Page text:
Turkey: Suretyship Under The New Turkish Code Of Obligations: "Just Sign Here!"

The New Turkish Code of Obligations will enter into force in July 2012 and will introduce many noteworthy changes to the suretyship (kefalet) institution, which is a widely used legal instrument of personal guarantee, perhaps most commonly invoked to secure loan agreements in Turkey.

The amendments introduce new limits to the extent of a surety's liability against the lender, and a more elaborate written form requirement that seems to be a reaction to the "just sign here" attitude that the current legislative scheme enabled. In this article, we have summarized various of the noteworthy provisions in the New Code of Obligations pertaining to suretyship contracts that either did not exist previously, or will significantly amend the current legislative scheme once the new law enters into force.

The most practical implication of the amendment is the new requisite written form for entering into a surety contract. The former regime required that an agreement giving rise to a suretyship obligation be in written form in order to create a valid and binding obligation. The New Code of Obligations goes one step further and requires that the following elements of the contract be handwritten by the person agreeing to act as surety for another person's debt or obligation: (i) the maximum amount of liability to be assumed by the surety; (ii) whether joint and several liability is assumed; and (iii) the date of the agreement. The prevailing banking practice in Turkey has been the "just sign here" attitude, whereby the surety contract was reduced to filling in printed forms, and the surety signed the signature block without the bank having to document the surety's signature or the aforementioned primary elements of a surety contract. The goal of this amendment appears to be to ensure that the person providing the surety considers, understands and actively consents to the subject matter, amount and duration of this undertaking. Any power of attorney issued to allow the attorney to take on the liability for the debt or obligations of a third party, resulting in the principal becoming a surety, is subject to the same formal requirement. Any amendments to an existing surety contract, such as an extension of term or a variation in the amount of liability must also be in writing, setting forth the aforementioned contractual elements in the handwriting of the person agreeing to act as provider of the surety.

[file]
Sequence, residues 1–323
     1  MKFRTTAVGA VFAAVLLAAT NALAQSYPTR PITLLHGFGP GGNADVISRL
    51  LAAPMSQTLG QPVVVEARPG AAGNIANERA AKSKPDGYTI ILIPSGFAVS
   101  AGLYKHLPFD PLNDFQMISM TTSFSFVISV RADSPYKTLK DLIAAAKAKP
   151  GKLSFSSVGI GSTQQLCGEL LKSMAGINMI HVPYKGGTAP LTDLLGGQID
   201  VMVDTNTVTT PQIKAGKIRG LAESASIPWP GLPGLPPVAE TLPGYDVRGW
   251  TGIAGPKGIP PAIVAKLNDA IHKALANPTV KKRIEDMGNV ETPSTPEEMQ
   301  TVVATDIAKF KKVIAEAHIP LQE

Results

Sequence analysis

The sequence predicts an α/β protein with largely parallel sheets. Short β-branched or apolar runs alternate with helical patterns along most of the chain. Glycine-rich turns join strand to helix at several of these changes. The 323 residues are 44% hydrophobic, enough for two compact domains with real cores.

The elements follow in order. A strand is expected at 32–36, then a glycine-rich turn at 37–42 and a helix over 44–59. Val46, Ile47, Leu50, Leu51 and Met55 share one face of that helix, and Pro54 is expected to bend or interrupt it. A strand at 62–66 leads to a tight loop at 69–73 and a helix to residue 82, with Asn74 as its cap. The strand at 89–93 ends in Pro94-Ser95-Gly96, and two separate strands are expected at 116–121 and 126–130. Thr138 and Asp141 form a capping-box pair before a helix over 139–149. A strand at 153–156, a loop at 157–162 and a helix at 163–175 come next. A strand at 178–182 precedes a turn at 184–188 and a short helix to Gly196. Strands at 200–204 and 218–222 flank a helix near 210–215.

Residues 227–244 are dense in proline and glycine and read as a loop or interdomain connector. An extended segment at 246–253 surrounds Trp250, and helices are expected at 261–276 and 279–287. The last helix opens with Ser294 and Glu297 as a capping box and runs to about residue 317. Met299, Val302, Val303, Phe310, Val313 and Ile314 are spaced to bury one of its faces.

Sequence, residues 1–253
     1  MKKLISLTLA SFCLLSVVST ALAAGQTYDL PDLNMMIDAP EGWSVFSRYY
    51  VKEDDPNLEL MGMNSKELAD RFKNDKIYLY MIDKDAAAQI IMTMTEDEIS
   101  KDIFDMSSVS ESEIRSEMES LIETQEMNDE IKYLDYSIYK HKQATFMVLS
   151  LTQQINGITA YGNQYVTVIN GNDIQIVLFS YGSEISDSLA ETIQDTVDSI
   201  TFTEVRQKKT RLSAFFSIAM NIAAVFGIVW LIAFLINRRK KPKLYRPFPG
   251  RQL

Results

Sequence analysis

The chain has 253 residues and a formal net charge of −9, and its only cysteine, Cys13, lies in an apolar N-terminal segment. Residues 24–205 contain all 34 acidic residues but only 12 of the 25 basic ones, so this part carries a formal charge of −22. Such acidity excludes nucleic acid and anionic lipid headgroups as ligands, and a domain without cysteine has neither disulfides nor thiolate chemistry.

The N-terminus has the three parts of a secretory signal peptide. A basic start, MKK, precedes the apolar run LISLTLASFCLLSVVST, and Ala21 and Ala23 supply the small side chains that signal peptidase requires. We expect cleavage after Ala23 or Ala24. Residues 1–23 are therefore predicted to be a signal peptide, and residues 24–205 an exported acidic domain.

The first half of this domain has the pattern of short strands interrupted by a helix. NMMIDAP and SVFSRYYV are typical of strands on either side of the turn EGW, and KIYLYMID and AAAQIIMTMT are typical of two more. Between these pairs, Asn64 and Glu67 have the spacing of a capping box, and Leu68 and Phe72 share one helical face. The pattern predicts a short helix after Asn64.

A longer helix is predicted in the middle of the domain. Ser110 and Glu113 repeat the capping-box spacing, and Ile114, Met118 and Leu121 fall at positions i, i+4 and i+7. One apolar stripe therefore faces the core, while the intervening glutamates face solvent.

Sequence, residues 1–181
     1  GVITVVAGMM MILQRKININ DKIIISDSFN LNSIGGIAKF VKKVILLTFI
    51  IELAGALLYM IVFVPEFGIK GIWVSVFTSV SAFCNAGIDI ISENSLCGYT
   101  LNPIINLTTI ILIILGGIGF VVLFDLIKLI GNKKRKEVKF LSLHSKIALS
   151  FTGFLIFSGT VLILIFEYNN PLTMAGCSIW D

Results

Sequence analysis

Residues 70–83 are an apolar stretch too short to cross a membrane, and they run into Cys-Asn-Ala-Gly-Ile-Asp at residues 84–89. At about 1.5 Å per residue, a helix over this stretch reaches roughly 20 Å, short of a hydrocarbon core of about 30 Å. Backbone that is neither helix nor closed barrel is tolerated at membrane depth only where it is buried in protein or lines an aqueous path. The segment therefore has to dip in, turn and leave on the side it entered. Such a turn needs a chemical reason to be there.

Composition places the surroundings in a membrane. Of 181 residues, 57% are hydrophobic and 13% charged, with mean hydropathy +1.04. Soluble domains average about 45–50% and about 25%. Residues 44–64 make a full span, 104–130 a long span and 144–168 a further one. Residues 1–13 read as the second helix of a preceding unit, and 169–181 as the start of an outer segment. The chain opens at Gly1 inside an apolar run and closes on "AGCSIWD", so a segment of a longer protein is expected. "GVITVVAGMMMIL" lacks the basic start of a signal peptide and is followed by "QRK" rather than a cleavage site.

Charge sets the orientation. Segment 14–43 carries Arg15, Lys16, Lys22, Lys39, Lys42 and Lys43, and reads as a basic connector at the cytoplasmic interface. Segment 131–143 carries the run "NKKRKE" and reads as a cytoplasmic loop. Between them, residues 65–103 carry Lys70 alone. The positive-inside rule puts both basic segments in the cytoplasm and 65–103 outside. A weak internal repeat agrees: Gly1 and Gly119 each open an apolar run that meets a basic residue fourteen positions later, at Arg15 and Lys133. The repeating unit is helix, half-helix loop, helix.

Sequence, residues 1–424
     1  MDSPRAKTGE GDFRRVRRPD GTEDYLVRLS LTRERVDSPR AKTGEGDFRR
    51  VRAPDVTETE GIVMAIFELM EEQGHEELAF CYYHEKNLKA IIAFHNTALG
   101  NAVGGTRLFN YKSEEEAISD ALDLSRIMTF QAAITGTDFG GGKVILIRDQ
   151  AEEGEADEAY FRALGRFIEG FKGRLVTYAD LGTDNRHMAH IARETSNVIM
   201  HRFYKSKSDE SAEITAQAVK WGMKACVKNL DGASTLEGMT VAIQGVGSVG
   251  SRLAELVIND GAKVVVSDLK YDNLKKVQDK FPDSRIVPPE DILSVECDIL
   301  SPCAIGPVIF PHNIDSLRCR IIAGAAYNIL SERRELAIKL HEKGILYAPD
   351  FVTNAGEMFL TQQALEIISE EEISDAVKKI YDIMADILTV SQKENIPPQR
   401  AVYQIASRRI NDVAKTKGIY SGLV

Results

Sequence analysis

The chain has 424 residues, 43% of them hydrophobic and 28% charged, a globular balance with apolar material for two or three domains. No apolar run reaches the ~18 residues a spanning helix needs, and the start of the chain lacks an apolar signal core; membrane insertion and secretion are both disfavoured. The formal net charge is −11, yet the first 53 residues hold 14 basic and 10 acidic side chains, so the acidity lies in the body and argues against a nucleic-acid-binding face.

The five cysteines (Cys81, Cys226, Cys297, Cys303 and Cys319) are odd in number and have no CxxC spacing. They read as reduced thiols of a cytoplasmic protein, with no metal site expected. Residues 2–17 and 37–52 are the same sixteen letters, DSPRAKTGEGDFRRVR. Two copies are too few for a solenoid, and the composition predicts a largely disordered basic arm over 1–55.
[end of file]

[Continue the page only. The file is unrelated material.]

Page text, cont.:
The new legislation appears to be partly driven by social policy, as it requires the written consent of the spouse of a natural person agreeing to act as surety. Spousal consent is also sought where the amount or nature of the surety contract is being amended.

A general principle of the suretyship law is that the liability of the surety is secondary to that of the debtor, unless the surety assumes joint and several liability (acknowledging this in writing, as noted above). The New Code of Obligations does not result in the surety becoming primarily liable per se, even where joint and several suretyship is established by contract. The new legislation requires that the creditor first demand that the defaulting debtor pay off the outstanding amount, and allows the creditor to seek repayment from the surety's assets if and when the creditor fails to recover such amount from the debtor, or if the debtor is insolvent and it does not seem likely that any such debt recovery effort will be successful.